In a letter made available to Channel 4 News the foreign secretary warns David Cameron that including students in net migration figures causes “immense damage” to Britain.
David Cameron has been warned by his own foreign secretary that including overseas students in the government’s net migration target risks jeopardising Britain’s reputation abroad.
In a letter to the prime minister Philip Hammond writes: “From a foreign policy point of view, Britain’s role as a world class destination for international students is a highly significant element of our soft power offer. It’s an issue that’s consistently raised with me by our foreign counterparts.”
Mr Hammond joins the chancellor and the business secretary in calling for the student figures to be stripped out of the target to reduce net migration from its current 330,000 to less than 100,000 by the next general election. “It is time to make the decision to count separately international students coming to study here in the UK, so long as they are here for legitimate study,” his letter states.
His intervention leaves the home secretary Theresa May increasingly isolated in continuing to insist that overseas students form part of the figures. The latest data shows that in the year to the end of March the number of overseas students coming to the UK for more than a year rose from 176,000 to 188,000. Some three quarters of them were non-EU citizens.
One government insider told Channel 4 News: “It’s doing immense damage to Britain round the world. We are talking about potentially having to really clamp down on these foreign students in order to meet the 100,000 target. We are in danger of having to shut the doors.”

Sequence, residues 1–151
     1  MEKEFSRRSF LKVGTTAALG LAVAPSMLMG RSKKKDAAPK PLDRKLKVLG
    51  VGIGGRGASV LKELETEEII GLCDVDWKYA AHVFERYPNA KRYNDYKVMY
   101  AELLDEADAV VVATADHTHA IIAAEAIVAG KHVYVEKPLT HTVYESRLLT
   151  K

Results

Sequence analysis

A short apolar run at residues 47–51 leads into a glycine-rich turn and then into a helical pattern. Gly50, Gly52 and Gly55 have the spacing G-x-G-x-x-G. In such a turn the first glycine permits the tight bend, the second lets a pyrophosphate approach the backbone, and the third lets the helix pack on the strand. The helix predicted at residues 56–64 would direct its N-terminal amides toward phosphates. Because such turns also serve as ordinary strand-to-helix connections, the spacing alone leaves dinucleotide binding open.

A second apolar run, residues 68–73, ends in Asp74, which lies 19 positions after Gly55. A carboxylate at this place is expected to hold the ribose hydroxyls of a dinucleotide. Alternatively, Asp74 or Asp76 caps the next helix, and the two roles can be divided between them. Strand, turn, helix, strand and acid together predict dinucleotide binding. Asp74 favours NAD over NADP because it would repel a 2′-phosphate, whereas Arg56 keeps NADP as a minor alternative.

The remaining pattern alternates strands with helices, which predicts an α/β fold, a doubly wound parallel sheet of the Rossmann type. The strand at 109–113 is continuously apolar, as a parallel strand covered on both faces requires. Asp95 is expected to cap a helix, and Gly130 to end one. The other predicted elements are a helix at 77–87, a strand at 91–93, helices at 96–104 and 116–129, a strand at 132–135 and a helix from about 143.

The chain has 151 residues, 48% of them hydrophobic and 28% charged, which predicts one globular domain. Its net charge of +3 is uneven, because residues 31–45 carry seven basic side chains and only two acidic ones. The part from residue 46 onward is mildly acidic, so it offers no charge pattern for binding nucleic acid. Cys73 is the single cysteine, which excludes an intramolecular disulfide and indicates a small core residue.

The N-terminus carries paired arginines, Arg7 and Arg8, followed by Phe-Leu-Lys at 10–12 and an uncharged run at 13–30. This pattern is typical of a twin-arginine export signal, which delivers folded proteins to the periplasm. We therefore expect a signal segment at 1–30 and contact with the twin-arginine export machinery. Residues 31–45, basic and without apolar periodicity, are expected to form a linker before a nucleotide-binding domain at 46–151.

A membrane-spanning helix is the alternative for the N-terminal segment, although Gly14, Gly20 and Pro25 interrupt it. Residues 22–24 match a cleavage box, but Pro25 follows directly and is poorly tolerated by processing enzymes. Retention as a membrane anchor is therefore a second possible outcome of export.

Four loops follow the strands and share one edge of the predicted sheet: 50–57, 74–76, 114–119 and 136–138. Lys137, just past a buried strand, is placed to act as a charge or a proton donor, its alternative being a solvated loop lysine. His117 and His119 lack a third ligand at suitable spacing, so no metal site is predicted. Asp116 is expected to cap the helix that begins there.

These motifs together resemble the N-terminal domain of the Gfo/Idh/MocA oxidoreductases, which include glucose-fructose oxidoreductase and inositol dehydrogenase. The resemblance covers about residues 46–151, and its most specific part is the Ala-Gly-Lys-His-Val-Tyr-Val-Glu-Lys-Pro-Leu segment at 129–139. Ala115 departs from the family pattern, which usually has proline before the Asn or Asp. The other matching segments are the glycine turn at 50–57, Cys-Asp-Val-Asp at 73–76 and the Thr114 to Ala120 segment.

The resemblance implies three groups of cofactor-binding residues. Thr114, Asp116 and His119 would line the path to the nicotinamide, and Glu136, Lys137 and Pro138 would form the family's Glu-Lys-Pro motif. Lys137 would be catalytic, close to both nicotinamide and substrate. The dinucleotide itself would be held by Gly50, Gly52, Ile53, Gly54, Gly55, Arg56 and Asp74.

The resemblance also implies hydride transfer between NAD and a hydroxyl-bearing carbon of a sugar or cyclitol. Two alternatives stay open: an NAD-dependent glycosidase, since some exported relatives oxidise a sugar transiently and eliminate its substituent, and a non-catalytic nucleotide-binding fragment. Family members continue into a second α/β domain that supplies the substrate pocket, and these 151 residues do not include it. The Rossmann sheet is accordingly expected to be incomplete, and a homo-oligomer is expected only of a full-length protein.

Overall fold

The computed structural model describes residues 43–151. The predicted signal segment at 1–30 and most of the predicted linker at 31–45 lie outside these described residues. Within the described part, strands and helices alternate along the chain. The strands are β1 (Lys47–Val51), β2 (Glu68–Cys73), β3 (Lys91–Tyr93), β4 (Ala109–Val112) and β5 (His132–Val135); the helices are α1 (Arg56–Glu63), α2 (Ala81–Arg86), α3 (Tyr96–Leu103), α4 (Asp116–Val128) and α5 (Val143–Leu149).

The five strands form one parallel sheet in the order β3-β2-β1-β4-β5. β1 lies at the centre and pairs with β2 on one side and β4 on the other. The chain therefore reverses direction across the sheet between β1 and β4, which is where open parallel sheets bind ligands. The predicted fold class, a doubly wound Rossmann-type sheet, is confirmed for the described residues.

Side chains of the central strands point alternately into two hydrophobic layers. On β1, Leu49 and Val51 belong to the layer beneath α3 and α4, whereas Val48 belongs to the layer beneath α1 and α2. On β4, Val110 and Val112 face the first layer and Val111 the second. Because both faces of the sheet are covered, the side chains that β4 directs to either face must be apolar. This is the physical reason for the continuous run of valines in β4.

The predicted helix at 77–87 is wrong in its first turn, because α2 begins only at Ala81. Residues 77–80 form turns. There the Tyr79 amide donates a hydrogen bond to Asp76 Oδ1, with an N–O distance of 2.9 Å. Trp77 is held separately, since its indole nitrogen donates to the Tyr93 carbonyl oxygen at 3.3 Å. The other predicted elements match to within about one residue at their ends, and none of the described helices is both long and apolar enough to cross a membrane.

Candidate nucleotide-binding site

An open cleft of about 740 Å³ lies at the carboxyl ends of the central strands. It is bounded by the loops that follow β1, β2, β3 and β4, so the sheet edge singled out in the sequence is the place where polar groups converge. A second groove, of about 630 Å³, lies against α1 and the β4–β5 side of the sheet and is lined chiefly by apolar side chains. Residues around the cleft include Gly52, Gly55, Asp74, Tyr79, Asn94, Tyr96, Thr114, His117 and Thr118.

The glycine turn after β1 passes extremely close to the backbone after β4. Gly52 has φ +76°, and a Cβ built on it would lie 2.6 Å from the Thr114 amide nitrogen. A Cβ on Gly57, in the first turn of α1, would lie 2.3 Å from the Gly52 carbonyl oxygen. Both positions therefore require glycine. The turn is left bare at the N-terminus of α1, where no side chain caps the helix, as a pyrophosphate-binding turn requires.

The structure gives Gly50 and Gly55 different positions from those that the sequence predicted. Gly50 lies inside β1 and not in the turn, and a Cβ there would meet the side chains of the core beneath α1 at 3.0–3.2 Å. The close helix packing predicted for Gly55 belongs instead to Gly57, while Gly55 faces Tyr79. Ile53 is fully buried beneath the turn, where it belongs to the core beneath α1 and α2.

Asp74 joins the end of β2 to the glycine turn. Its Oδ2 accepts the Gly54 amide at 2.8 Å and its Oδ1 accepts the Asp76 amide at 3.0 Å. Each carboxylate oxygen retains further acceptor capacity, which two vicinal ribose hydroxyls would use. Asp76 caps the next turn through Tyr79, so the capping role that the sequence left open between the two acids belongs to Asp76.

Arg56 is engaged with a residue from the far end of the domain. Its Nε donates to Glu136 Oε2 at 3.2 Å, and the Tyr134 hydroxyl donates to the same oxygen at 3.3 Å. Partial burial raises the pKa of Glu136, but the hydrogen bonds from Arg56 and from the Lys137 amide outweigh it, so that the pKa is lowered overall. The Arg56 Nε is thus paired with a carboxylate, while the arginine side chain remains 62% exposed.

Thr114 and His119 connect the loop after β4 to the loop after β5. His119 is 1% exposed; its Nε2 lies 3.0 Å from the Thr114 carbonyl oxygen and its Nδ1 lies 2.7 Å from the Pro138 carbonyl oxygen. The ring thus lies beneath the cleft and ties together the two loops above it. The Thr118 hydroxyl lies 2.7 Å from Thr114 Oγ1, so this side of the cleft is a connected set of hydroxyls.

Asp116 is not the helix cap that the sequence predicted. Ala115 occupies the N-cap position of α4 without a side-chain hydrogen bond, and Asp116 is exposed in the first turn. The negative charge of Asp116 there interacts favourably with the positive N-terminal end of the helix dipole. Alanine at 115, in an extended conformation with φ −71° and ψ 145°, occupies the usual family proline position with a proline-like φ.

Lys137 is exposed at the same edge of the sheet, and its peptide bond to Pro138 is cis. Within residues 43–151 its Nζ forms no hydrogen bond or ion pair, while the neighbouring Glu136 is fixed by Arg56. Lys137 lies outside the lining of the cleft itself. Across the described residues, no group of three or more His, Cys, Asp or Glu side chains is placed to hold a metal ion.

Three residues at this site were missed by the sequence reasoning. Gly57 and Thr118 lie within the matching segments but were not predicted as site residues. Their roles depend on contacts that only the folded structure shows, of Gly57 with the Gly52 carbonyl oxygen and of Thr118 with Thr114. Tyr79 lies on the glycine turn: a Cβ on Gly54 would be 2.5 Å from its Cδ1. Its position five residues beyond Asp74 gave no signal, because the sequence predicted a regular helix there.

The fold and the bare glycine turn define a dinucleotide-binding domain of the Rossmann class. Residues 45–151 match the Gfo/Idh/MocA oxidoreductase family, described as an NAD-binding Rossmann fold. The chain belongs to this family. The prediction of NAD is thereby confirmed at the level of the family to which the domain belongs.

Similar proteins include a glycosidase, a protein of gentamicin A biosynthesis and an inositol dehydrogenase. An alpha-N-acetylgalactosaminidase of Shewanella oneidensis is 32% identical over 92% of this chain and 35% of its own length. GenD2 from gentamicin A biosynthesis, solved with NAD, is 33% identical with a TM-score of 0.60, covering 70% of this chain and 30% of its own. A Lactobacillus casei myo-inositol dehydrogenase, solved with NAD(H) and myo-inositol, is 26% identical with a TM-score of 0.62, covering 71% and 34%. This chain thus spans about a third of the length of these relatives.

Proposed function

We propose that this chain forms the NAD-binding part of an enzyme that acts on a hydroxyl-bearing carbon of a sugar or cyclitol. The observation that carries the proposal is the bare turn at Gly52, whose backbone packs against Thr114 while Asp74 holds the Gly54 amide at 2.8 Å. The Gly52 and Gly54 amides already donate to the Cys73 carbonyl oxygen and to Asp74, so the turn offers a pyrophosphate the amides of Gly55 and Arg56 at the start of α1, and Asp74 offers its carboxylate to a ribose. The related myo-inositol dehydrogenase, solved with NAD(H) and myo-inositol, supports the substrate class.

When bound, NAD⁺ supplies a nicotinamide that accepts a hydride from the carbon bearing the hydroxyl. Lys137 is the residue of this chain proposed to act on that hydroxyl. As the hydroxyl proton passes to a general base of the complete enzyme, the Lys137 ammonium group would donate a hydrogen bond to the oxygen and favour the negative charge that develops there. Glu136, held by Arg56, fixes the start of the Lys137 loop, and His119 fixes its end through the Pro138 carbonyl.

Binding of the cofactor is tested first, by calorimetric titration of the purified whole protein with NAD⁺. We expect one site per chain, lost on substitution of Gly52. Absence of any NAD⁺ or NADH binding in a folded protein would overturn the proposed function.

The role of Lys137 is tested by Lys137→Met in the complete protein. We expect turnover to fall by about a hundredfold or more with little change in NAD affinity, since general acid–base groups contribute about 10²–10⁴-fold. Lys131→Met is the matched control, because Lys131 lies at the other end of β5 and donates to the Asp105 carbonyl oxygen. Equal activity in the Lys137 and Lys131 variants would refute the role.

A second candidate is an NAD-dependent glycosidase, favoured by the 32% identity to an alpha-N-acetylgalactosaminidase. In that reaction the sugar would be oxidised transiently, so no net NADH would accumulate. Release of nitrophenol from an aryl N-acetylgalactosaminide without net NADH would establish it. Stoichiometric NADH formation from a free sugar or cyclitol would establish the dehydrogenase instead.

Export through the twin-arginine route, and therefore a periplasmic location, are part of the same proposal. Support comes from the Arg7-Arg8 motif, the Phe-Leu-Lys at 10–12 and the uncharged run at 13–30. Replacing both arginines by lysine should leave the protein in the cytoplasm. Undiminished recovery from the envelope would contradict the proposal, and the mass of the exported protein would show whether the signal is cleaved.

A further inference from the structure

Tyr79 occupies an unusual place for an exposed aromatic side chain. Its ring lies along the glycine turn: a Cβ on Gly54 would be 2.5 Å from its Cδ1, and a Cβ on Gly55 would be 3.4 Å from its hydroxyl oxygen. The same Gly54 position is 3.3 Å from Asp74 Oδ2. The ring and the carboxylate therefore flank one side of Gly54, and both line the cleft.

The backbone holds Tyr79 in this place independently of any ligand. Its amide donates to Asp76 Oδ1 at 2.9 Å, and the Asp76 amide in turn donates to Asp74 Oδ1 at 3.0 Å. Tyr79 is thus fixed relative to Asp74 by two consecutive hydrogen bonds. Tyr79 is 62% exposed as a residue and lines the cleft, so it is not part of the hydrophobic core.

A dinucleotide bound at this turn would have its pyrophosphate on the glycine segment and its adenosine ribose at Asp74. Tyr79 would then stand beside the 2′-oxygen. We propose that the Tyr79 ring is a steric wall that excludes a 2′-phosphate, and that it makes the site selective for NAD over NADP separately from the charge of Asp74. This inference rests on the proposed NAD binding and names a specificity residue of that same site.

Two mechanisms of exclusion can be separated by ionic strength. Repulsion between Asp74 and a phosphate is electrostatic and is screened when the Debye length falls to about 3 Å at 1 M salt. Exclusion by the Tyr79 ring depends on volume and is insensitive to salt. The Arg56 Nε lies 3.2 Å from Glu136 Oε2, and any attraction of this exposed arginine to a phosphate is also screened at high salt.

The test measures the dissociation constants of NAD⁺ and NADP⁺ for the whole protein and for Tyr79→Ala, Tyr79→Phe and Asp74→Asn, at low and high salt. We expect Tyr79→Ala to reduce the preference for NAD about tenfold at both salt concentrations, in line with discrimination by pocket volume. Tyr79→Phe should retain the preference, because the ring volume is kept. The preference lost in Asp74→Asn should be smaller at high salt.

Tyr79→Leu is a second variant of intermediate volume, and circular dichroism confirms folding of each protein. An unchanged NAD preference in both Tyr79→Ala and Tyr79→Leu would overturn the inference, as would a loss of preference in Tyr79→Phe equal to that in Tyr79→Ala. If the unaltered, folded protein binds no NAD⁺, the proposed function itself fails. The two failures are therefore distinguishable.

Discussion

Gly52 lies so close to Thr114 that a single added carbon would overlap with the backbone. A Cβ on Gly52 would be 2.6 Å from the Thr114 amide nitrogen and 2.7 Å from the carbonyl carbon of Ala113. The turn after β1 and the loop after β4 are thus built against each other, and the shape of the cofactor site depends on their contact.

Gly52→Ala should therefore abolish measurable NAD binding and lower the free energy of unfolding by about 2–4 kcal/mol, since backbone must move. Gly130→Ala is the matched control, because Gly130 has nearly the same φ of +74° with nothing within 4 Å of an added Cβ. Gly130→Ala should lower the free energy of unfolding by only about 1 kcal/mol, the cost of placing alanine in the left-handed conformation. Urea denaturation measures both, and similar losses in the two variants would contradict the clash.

A spokesperson for Downing Street said that though they wouldnt comment on this specific letter they re-iterate that the prime minister is committed to bringing migration down to the tens of hundreds.
As a result, the source claimed some science, technology, engineering and mathematics (STEM) subjects were at risk of being axed by some universities, because they relied on overseas students to make those courses economically viable. That would be highly embarrassing to the government, which has campaigned to boost participation in STEM subjects.
The government source also noted that overseas students could be worth £12bn a year in higher education fees by 2020. “We don’t have many globally competitive export industries. We should celebrate that rather than regard it as a plague of immigration,” the source said.
In his letter, Mr Hammond – one of the most right-wing and Eurosceptic members of the cabinet, said the public would support his suggestion, though allies of the home secretary are believed to be concerned about being accused of trying to “fiddle” the immigration figures.
Mr Hammond wrote: “I believe the public understands the distinction between temporary student migrants and economic/family migrants. Public concern about the level of immigration is driven principally by long-term immigration for settlement in the UK, not short term immigration, particularly if the primary purpose of that immigration is for legitimate study.”
The prime minister now faces a difficult decision between backing his home secretary or siding with the chancellor, foreign secretary and business secretary.